Kadaknath could well be the next big thing in protein, Chef Vikas believes. “Although chicken is widely eaten in our country, there is a segment of diners who are opting for healthier proteins such as fish, given that many broiler varieties are notorious for use of growth hormones and other chemicals that can be harmful. But perhaps even more relevant is the fact that, at the end of the day, broiler meat is quite bland in terms of flavours and textures. The health benefits aside, it’s the taste and texture of Kadaknath chicken that makes it so attractive. The kind of satisfaction that you get from this interesting texture and flavour leaves you feeling more satiated.”

Not just the meat, Kadaknath chicken’s bones and organs are black as well. It has lower fat content than regular chicken and is also high on protein and iron.


It seems diners have similar thoughts, as Alka Jena confirms. “Kadaknath chicken looks quite different from regular chicken, and that perhaps is the biggest surprise when it’s presented to a consumer. But in terms of flavour and texture, it is far superior. It’s already making waves with chefs in India but it’s only a matter of time until it gains a mainstream following.”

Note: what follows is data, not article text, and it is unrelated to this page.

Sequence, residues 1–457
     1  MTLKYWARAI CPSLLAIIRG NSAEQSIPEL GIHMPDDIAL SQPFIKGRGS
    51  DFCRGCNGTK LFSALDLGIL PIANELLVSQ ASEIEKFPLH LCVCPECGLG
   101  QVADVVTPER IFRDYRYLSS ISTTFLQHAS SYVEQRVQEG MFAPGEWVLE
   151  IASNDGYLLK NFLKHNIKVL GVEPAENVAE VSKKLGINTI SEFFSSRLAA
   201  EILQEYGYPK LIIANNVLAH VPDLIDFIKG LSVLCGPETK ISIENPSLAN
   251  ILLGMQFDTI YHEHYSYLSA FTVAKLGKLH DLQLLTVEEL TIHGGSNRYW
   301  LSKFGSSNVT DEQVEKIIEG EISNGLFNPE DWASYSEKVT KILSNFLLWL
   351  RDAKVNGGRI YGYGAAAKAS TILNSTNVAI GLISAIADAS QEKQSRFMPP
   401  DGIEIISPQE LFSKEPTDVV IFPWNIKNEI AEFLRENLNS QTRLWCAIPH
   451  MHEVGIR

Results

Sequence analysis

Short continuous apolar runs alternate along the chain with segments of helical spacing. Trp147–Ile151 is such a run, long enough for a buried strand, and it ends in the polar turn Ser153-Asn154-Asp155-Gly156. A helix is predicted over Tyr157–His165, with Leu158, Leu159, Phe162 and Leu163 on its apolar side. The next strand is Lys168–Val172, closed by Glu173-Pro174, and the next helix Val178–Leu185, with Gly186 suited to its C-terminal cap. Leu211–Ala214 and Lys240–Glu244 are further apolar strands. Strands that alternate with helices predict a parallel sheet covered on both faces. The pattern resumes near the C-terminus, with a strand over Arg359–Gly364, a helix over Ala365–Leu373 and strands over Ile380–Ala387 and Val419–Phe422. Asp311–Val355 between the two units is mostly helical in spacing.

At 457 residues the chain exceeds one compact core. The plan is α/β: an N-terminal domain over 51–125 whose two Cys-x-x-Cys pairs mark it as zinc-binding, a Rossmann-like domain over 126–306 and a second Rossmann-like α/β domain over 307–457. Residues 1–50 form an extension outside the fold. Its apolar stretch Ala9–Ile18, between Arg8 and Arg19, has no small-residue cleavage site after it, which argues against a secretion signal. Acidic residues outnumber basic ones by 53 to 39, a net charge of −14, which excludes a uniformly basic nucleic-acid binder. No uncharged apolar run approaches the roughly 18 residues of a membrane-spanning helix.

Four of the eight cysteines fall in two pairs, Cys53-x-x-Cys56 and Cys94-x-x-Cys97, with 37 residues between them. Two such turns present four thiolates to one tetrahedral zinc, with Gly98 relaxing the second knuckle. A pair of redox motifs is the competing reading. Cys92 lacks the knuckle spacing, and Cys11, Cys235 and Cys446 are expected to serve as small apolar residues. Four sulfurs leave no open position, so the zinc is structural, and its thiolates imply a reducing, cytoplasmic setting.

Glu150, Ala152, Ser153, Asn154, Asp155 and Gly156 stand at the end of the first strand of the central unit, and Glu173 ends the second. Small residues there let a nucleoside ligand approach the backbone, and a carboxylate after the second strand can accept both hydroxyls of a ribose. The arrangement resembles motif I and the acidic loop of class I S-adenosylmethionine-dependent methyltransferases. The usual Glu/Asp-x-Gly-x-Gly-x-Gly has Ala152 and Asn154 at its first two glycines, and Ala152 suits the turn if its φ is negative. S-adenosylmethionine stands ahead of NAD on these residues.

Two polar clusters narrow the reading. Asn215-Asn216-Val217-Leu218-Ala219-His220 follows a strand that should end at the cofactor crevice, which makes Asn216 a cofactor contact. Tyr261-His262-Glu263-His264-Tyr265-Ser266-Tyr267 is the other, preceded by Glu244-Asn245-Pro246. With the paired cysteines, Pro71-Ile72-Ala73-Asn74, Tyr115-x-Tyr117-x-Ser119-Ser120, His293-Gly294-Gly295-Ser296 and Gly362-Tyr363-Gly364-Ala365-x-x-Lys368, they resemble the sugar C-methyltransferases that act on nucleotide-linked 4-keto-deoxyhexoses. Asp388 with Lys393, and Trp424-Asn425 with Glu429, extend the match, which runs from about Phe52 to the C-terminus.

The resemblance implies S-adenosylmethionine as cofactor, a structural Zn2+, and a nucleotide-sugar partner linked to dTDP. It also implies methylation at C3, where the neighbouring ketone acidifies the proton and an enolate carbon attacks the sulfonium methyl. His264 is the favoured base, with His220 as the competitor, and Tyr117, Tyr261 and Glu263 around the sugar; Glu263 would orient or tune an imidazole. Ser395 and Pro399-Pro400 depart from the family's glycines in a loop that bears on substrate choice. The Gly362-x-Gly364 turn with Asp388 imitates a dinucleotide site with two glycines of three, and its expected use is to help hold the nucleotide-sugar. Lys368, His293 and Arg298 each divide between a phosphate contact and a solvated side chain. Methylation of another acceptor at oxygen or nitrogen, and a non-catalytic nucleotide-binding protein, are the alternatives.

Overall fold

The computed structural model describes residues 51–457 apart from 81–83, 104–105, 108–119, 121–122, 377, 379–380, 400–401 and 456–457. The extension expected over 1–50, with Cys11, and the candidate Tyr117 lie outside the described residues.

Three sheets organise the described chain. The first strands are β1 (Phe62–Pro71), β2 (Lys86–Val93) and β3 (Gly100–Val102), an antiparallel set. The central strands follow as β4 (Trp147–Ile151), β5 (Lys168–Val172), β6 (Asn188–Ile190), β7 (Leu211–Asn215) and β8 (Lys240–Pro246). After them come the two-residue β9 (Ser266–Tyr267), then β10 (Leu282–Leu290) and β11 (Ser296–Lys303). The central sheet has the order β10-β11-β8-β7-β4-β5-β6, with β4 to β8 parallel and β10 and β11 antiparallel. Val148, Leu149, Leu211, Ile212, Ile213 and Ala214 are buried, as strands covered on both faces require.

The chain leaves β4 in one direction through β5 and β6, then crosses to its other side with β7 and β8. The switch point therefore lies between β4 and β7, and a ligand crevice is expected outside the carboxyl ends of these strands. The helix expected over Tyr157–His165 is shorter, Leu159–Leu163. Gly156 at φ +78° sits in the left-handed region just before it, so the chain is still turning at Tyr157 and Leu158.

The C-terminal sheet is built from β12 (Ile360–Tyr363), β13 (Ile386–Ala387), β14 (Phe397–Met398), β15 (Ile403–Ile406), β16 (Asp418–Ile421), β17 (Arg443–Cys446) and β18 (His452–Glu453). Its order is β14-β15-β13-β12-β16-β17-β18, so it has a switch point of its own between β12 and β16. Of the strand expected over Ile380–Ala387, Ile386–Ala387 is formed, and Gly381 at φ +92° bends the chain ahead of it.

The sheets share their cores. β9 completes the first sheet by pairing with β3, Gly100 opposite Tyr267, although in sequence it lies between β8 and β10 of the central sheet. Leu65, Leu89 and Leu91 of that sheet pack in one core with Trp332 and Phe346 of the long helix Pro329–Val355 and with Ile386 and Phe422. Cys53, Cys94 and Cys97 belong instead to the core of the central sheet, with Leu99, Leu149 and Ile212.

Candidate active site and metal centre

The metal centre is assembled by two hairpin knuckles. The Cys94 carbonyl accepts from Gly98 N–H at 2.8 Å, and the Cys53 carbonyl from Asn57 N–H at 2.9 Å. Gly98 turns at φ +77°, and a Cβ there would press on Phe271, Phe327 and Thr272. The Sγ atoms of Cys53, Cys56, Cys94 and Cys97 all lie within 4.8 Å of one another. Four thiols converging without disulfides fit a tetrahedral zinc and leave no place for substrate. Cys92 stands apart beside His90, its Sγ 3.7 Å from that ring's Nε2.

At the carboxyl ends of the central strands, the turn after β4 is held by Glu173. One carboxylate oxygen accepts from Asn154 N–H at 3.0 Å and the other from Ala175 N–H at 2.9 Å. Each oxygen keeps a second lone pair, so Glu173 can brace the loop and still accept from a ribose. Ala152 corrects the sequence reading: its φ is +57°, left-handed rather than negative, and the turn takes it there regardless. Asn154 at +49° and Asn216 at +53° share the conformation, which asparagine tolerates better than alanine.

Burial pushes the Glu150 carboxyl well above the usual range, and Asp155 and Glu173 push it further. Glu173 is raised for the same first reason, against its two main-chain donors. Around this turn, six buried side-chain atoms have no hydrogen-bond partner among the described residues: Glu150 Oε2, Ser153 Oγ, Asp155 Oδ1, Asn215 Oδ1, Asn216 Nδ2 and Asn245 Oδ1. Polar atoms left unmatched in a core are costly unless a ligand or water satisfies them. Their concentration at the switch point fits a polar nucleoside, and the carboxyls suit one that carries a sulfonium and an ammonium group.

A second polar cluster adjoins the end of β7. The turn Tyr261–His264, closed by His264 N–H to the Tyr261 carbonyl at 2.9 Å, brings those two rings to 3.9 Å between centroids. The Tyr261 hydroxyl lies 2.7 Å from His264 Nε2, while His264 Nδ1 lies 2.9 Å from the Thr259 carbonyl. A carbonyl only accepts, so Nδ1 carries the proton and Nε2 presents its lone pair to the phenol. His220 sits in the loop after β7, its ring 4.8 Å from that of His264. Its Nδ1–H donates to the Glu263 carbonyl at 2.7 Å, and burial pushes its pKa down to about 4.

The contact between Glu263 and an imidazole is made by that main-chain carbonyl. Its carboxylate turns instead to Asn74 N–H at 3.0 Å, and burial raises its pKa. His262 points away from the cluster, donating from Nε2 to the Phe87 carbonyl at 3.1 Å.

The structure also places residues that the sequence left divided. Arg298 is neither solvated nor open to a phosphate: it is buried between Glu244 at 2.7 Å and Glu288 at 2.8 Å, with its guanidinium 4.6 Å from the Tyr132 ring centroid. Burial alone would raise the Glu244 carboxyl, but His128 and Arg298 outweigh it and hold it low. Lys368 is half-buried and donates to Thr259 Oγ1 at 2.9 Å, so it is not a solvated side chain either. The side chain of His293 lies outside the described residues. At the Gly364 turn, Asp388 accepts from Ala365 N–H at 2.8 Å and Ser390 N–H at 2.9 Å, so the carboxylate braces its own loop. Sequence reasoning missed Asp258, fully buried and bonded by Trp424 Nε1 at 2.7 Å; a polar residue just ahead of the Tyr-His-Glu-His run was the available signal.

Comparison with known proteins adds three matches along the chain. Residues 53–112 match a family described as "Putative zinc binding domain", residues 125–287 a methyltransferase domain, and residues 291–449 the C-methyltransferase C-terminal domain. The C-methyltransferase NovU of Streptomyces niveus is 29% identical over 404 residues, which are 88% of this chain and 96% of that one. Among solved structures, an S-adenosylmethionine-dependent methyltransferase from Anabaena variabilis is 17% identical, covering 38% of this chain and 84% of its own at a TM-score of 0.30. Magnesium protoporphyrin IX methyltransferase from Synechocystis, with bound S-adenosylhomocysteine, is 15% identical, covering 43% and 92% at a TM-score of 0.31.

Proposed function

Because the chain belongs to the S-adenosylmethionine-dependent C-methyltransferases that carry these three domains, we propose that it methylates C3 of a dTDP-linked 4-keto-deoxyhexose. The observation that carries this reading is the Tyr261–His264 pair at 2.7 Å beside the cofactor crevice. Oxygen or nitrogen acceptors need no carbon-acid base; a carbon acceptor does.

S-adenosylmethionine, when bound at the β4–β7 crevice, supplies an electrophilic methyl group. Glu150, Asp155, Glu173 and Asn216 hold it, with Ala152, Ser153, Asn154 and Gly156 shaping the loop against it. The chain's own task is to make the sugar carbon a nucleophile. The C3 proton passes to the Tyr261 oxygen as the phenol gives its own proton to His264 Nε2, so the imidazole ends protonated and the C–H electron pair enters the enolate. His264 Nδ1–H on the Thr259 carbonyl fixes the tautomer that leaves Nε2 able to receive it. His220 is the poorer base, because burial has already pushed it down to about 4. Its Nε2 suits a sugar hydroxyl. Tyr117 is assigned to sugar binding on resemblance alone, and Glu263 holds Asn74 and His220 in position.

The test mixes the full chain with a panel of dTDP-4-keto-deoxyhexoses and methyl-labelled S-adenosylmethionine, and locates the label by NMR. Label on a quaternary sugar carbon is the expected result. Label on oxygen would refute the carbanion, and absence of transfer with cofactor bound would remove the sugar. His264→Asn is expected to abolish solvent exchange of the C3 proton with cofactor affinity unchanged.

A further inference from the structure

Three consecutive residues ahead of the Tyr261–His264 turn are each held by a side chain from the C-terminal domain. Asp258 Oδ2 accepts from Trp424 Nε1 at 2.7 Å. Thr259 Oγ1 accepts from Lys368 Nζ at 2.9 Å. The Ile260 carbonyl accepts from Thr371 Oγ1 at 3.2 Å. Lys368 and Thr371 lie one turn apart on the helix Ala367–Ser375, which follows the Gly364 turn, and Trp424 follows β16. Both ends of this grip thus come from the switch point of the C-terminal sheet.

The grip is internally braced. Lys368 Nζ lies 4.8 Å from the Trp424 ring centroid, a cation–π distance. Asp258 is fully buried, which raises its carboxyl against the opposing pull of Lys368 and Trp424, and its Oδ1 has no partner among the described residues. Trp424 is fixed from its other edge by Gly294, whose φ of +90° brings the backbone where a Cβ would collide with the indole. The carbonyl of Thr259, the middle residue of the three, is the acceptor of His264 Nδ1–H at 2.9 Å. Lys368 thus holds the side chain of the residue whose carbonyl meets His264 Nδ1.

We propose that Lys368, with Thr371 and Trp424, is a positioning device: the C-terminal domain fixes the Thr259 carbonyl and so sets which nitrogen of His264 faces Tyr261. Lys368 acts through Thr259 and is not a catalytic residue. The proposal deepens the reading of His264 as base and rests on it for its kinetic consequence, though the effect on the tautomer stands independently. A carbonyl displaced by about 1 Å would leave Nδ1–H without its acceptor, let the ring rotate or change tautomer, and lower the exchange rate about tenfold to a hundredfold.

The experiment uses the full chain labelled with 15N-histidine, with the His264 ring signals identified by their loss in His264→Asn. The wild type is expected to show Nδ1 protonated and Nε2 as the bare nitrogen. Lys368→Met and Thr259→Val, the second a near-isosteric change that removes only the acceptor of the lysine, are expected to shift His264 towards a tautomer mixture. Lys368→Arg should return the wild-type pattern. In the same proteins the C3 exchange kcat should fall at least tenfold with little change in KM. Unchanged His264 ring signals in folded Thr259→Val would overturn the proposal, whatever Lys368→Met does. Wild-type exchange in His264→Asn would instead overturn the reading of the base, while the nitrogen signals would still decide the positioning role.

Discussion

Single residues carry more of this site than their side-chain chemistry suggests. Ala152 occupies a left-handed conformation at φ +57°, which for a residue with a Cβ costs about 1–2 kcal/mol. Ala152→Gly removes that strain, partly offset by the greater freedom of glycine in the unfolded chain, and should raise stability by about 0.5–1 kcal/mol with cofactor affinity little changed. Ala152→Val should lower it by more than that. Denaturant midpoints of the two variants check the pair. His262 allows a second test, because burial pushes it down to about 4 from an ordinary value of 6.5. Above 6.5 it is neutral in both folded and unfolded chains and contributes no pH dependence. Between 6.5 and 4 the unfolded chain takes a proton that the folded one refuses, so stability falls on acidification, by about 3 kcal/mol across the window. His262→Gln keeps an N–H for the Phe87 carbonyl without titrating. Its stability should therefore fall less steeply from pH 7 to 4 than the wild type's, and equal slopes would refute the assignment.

Sourcing is a concern that is gradually being addressed, and although some farmers are taking to Kadaknath, it’s still not as widely available as it would need to be, in order to become a mainstream hit. But given its adoption by an increasing number of chefs, government endorsement, and, of course, the high returns, this issue should find a speedy redressal.

With sustainability being a prime concern in today’s world, it has become increasingly important to focus on the local, especially in the food industry. And when we have such a rich treasure trove of ingredients, including previously unexplored kinds that have not received mainstream attention, focusing on local becomes an altogether pleasurable experience. Not to mention the positive impact on local communities and economies.

So, the next time you want to try a protein with a difference, why not give Kadaknath chicken a shot? It’s healthier, tastier and will most definitely add an interesting shade to your Instagram food reel.



Read now:

Churros: The ultimate in comfort

One chef, one recipe: Murg Malai Tikka by Chef Suraj Prakash